the documents, we used the QSpec summariser(Sarker et al., 2013), which has been shown to gen- We use the corpus by Moll´a and Santiago- erate content-rich, extractive, three-sentence sum- Martinez (2011), which consists of 456 clinical maries. We performed polarity annotation of these questions, sourced form the Journal of Family summary sentences. Similar to our bottom-line Practice2 (JFP). Each question is associated with summary annotation process, for a sentence, we one or more bottom-line answers (multi-document first identified the intervention(s) mentioned, and summaries) authored by contributors to JFP. Each then categorised their polarities. We came across bottom-line answer is in turn associated with de- sentences where two different interventions were tailed explanations provided by the JFP contrib- mentioned and the polarities associated with them were opposite. Consider the following sentence Question: What is the most effective beta-blocker manner, we collected a total of 177 summary sen- tence – bottom-line summary pairs. Among these, in 169 (95.5%) cases, the annotations were of the same polarity. In the rest of the 8 cases, the QSpec mortality in chronic heart failure caused by left summary sentence recommended a drug, but the ventricular systolic dysfunction, when used in addition to diuretics and angiotensin converting We also manually examined the 8 cases where there were disagreements. In all the cases, this was either because individual documents presented mended; metoprolol – recommended; bisoprolol – contrasting results, i.e., the positive findings of one study were negated by evidence from otherstudies; or because a summary sentence presented Figure 1: Sample bottom-line summary and an ex- some positive outcomes, but side effects and other issues were mentioned by other summary sen-tences, leading to an overall negative polarity.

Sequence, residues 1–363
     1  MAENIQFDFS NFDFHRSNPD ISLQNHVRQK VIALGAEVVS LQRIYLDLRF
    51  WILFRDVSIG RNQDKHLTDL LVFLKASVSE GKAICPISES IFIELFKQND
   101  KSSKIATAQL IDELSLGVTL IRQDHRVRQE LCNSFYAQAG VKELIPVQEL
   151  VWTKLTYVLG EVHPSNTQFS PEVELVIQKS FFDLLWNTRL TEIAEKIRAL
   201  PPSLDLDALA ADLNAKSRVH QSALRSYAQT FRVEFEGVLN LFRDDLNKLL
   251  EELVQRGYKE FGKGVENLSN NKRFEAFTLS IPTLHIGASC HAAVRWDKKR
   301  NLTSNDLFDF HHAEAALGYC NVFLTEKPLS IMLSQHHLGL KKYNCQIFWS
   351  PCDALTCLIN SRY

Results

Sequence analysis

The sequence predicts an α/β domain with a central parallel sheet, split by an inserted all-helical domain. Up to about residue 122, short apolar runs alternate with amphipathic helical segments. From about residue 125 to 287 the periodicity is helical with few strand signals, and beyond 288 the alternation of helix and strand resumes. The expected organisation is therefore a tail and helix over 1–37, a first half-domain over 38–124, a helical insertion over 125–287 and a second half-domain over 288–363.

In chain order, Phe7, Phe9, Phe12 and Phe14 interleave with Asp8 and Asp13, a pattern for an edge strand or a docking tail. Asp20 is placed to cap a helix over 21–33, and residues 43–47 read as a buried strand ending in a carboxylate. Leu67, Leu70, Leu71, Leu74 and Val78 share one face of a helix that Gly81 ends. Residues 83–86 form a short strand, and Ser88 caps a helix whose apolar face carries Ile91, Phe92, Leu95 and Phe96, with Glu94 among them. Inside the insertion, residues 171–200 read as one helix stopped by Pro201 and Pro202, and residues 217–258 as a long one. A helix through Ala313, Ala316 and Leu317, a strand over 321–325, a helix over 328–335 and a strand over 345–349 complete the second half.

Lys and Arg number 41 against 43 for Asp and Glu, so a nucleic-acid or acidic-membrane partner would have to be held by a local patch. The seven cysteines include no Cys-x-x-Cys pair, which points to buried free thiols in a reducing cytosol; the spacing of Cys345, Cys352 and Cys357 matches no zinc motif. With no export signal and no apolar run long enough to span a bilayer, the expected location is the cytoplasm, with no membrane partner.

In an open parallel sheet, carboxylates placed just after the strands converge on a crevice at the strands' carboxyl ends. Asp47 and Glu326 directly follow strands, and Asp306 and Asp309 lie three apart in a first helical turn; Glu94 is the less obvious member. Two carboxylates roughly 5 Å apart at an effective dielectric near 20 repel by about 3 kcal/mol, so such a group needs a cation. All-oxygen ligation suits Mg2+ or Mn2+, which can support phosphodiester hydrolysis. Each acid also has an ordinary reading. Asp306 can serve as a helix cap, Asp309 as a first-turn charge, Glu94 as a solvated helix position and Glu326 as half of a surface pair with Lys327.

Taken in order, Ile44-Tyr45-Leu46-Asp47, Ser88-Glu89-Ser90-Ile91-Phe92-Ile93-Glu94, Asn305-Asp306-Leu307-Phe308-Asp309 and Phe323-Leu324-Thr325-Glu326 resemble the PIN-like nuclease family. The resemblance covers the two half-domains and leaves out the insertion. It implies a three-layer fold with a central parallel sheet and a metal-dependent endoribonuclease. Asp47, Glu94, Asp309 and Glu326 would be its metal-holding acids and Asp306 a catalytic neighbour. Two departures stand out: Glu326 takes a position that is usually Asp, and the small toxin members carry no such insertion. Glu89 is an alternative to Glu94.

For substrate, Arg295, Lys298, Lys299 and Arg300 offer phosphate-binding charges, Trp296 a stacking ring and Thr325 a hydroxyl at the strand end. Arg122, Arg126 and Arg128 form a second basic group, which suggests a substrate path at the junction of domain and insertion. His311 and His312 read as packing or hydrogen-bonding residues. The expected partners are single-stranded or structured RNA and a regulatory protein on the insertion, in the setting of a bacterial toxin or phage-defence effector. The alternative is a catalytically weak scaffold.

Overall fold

If automatic sentence-level polarity classifica- tion techniques are to be used for generating bottom-line summaries in a two-step summarisa- tion process, the first step (QSpec summaries) also amisole is more effective than cimetidine needs to have very good recall. The QSpec sum- alone and is a highly effective therapy .